International Collaboration – EB teaching in Saudi Arabia

On World Humanitarian Day DEBRA would like to celebrate the impressive work our EB specialists do to support medical education and training in EB and Dermatology globally. Here Professor Adrian Heagerty, Consultant Dermatologist at Solihull Hospital (part of University Hospitals Birmingham NHS Foundation Trust) and Honorary Professor of Dermatology, The University of Birmingham, recounts a recent trip to the Middle East to teach medical staff about specialist care for EB.  

An opportunity to talk about epidermolysis bullosa (EB) must not be missed. Last September I was invited to speak at what turned out to be 16 venues over 6 days in Saudi Arabia, starting in Jeddah, moving on to Dammam and then to Riyadh. This whirlwind tour started inauspiciously by my arrival in Saudi without luggage. Thank goodness for memory sticks and Marks and Spencer. Kitting myself out again alongside a visit to Debenhams set me up for the first venue, a military Hospital just outside Jeddah. EB, particularly the severe types is remarkably common in the Middle East because of the acceptability of consanguineous marriages.

A local geneticist pointed out that EB was often only the tip of the iceberg with many other severe inherited diseases also occurring in the families. Surprisingly, the one EB type especially exacerbated by heat, EB simplex, was hardly ever seen. Several of the meetings included affected patients. A small girl with dystrophic EB who had undergone a bone marrow transplantation for her EB in the US asked me to pose with her for a photo, when she found I knew her transplant team.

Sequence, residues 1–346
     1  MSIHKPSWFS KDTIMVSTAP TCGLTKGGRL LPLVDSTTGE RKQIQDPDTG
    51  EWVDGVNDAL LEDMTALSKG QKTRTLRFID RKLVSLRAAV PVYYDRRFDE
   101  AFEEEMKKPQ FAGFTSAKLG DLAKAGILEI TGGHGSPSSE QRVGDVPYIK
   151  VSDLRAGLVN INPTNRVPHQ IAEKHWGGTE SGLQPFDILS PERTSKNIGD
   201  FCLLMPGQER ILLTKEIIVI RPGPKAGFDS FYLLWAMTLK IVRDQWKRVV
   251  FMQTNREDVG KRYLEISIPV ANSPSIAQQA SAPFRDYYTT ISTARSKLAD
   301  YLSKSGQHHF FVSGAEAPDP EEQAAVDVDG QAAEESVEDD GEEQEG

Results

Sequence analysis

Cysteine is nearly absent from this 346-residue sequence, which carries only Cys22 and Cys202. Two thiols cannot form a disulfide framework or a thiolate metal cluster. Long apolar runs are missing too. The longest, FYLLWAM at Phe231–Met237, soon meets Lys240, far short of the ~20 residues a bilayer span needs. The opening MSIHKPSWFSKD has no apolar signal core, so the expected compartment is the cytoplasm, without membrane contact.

Teaching in the Middle East

International Collaboration – EB teaching in Saudi Arabia

With no sign of bags we moved on, with several more venues and then a flight to Dammam for an evening talk, again with patients and medical staff, before catching the last flight to Riyadh. After 3 hours sleep off we went again, visiting Military Hospitals, Tertiary referral Hospitals, and public hospitals. The interest in diagnosing EB was extraordinary, made all the more necessary by the lack of any local patient support group or DEBRA. The ability to care for patients was largely deferred to local dermatologists although two hospitals had effectively a series of district nurses, several of whom were European, who went out into the community. Unsurprisingly dressings were many and varied, and so teaching about these was of paramount importance.

A cultural shift

The people I encountered were open and eager to learn. The junior doctors adopted me in various places, feeding me with dates and tea, and their local coffee. Food was either delicious Lebanese or European, save for an evening leaning on camel saddles on the floor and eating chicken and, I am afraid to say camel.

To see Saudi now with the great changes happening bodes well I believe for EB care. Instead of sending patients to the US or Germany they are trying to manage at home. Hopefully families can set up a patient support group or DEBRA to help this. Would I go back – most certainly.

As for the luggage – it arrived home on the day after me. At least my hosts helped out.